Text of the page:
Target #4: Provide support to school districts for Early Learning programs to assist communities, parents and caregivers in preparing children for school

Methodology: Pre-Kindergarten years represent the following:
Fall 2009
Spring 2010
Spring 2011
Spring 2012
Spring 2013
Fall 2014 - Information will be updated after Spring 2014 results.


Analysis of results and challenges: Pre-Kindergarten:
Alaska Pre-K Four Year Comparisons: FY2010 - FY2014
Early Childhood Environment Rating Scale-Revised Edition (ECERS-R)

The ECERS-R is designed for use in classroom-based early childhood care and education programs serving children aged two to six years. It is organized into six scales: Space and Furnishings; Personal Care Routines; Language-Reasoning; Activities; Interaction; and Program Structure. Each scale has additional subscales, with multiple items that must be passed to receive a given score. Each subscale is scored on a seven point scale, with benchmarks established for 1 = Inadequate, 3 = Minimal, 5 = Good, and 7 = Excellent. Programs that pass some of the items that are part of the benchmark for a 3, but not all of them, are scored a 2 on that subscale. Similarly programs that fall between good and excellent are scored a 6.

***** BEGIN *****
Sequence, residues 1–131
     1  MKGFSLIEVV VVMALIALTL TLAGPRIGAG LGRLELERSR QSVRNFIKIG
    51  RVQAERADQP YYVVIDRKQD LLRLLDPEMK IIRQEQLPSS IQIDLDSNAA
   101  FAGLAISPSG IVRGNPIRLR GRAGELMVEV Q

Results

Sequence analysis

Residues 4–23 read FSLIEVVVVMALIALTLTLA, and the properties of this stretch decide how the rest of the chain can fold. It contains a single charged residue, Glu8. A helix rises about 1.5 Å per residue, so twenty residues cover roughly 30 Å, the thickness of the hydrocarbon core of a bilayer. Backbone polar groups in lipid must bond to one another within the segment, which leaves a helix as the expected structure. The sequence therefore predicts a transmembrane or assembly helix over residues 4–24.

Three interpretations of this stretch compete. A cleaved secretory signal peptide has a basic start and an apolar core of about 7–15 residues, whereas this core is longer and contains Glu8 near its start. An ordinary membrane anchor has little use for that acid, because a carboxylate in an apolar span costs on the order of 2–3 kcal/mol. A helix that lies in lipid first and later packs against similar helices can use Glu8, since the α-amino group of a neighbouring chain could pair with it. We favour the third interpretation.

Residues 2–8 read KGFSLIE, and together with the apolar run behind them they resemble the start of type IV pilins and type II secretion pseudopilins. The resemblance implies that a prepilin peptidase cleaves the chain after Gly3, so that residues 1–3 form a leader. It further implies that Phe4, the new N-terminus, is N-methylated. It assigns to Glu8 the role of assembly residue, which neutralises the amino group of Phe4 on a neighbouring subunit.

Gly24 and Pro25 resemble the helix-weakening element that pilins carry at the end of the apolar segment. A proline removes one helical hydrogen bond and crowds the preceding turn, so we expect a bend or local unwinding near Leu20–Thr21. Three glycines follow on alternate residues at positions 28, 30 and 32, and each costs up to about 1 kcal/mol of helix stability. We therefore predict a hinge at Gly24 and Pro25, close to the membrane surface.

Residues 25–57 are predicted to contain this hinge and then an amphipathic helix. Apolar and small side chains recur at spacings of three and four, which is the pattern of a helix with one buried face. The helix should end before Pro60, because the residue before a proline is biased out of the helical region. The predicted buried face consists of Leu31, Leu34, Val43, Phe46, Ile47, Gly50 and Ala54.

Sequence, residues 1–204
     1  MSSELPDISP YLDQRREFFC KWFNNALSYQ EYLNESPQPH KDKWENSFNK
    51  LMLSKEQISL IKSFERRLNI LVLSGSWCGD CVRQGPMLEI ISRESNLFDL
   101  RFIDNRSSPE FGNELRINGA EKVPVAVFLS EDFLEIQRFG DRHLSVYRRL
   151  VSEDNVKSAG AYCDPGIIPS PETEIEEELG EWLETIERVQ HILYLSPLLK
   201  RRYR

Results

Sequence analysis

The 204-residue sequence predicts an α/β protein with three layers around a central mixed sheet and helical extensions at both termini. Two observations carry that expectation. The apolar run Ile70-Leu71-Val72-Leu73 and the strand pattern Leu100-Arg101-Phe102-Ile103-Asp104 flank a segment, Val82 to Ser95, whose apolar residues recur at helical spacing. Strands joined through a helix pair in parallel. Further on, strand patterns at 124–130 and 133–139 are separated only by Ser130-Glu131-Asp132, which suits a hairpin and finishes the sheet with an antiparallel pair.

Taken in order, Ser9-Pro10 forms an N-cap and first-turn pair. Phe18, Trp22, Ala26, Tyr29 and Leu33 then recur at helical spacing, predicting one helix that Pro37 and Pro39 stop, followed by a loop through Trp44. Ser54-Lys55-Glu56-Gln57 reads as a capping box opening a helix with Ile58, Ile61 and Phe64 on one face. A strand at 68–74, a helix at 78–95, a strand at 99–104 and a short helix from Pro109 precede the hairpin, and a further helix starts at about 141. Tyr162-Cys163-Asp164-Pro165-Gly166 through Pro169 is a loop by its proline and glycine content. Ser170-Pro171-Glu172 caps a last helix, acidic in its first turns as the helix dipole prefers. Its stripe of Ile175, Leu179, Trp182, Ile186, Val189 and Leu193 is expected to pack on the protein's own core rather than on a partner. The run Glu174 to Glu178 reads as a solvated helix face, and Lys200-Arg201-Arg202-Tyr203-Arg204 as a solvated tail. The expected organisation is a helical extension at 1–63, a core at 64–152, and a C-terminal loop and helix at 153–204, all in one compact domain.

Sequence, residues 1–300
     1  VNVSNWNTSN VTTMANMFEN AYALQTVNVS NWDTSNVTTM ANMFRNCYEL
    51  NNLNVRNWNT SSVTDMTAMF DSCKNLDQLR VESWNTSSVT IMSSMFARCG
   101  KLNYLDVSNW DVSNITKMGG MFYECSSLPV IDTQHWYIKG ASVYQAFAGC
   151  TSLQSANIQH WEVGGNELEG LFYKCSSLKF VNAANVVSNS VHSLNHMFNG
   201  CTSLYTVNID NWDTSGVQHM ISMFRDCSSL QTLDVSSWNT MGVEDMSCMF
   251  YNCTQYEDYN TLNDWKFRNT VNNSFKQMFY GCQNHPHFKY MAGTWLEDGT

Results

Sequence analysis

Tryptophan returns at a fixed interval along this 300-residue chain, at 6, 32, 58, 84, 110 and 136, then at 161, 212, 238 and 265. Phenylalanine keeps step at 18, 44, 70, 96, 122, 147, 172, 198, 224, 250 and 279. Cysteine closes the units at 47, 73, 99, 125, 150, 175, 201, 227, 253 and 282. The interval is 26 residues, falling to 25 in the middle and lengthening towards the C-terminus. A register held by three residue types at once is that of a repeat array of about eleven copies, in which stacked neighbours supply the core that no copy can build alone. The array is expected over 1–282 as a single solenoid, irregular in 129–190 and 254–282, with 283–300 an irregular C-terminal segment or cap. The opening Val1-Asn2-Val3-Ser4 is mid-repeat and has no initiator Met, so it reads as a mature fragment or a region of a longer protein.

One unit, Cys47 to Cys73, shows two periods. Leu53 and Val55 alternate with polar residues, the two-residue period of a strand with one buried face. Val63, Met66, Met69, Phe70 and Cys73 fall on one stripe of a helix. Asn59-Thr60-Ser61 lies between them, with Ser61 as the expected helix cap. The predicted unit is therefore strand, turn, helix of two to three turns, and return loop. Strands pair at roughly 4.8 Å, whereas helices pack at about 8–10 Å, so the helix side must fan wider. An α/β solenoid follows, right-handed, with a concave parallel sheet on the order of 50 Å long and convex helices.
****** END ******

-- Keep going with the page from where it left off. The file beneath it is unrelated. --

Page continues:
Each program site varied in their strengths and areas of improvement, but there were some trends common across all of the programs. While all continuing programs showed improvement through the Pre-Kindergarten program, some showed dips or fall back in some areas reflecting the specific changes seen at each particular assessment. FY2013 began a new grant cycle with over half of the classrooms rated on the ECERS being new to the Alaska Pre-Kindergarten program. These new classrooms set base line scores in a range between above minimal (3) to approaching excellent (7).